Derivatives traders were yesterday nervously picking their way through the wreckage of the Lehman Brothers bankruptcy in what was the biggest test to date of the unregulated $60 trillion (£35.4 trillion) credit default swaps market.
Investors who had placed bets on Lehman's creditworthiness held an auction aimed at clarifying who owes what to whom after the investment bank went bust four weeks ago, and analysts believe that several hundreds of billions of dollars will change hands.
Credit default swaps are a kind of insurance, which investors used to protect themselves in the event that Lehman defaulted on its bonds. Unlike traditional insurance, however, any financial firm could write a credit default swap contract so banks, insurance companies, hedge funds and traditional fund managers are among those now being required to make investors whole.
The auction set a price for Lehman bonds of 8.625 cents on the dollar. Financial firms that sold credit default swaps, therefore, owe 91.375 cents on the dollar – more than Wall Street had been factoring in. That figure increased nerves about whether everyone in the chain will actually be able to pay the amount that they owe, something that will become clear over the coming days. Participants said the auction went smoothly and efficiently.
The insurance giant AIG was one of the biggest sellers of Lehman Brothers credit default swaps, and it faces big losses as a result. It had to be bailed out by the US government three days after the Lehman bankruptcy filing, and has so far been extended $123bn in loans from the US taxpayer. What investors and regulators fear most is a failure to pay by one link in the chain could cause a cascade of losses through the system.
Analysts say the amount of money that has to change hands could be more than $200bn. Some estimates put the value of outstanding credit default swaps on Lehman Brothers debt at $400bn, although some of these trades have already been netted out because some investors both sold and bought CDS contracts. Exact figures are not available because a CDS is a private contract and is not traded on an exchange, but the payout will certainly be the biggest in the 10-year history of the market.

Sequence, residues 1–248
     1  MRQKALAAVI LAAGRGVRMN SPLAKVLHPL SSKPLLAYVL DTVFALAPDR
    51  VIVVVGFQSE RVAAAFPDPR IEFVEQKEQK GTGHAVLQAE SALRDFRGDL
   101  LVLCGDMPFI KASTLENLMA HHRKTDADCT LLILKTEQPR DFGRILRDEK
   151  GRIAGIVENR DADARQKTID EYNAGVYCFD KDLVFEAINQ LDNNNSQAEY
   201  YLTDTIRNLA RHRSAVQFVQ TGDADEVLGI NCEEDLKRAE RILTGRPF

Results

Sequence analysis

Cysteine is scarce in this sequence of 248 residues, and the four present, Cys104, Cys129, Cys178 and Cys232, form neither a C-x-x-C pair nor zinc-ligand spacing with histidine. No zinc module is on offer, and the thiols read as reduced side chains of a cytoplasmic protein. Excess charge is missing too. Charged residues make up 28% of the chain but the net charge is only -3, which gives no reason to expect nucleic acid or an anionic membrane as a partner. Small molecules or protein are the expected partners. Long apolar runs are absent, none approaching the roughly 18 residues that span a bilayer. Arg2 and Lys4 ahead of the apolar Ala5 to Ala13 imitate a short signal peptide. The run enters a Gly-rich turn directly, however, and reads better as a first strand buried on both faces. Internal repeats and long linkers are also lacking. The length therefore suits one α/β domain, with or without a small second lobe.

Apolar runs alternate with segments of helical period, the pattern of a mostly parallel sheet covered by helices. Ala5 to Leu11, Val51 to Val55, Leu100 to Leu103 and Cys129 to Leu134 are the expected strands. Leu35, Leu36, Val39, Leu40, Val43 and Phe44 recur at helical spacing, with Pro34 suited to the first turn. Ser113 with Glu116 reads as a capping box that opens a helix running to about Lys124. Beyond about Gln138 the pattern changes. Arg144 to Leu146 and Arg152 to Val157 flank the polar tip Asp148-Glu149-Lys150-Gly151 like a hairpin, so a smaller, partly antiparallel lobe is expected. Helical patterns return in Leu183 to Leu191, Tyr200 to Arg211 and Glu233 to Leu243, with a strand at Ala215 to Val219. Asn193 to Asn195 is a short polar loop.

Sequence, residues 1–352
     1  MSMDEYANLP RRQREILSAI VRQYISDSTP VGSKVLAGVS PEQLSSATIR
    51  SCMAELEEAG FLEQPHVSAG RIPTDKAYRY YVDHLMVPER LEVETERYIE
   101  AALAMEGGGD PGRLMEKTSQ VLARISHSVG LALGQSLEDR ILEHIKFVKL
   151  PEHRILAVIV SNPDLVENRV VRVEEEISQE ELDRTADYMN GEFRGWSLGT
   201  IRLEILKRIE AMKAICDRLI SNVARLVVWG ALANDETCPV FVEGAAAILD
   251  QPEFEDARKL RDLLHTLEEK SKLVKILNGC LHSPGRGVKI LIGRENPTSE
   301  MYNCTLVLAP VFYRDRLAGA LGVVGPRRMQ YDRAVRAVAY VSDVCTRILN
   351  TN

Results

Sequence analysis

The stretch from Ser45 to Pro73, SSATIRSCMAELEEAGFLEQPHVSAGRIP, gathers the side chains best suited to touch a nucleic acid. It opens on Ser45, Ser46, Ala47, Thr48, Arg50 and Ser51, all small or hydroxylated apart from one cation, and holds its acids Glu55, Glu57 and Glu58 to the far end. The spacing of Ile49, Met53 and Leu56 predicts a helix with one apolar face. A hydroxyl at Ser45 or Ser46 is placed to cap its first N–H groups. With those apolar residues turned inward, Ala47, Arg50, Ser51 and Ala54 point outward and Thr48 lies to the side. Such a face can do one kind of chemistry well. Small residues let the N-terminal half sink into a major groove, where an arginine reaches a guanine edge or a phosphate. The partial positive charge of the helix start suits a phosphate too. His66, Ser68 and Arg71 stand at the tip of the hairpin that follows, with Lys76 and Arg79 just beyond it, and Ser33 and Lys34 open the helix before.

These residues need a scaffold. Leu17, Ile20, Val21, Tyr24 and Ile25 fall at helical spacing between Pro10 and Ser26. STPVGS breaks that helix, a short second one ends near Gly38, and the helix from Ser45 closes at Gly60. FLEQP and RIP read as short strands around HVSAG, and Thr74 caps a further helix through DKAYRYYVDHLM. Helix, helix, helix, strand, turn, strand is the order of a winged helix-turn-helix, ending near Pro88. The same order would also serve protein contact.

CDS issuance has exploded in recent years as investors have used the instruments not just to insure bonds that they hold, but also to bet on the creditworthiness of companies. The growth of the market has been so fast that Wall Street has not had time to invent a central trading mechanism.
The New York branch of the Federal Reserve, the US central bank, summoned market participants to a meeting yesterday to discuss creating just such a mechanism. IntercontinentalExchange, the electronic trading platform that is now one of the most popular places to buy and sell oil, said yesterday it had set up a joint venture to create a CDS settlement system. Its announcement came three days after CME Group, which runs the Chicago Mercantile Exchange for derivatives trading, said it was joining forces with hedge fund Citadel to set up a similar system.
Deutsche Borse and NYSE Euronext have also expressed interest, suggesting there could be ferocious competition between exchanges if CDS trading is forced into the regulated arena.
Join our new commenting forum
Join thought-provoking conversations, follow other Independent readers and see their replies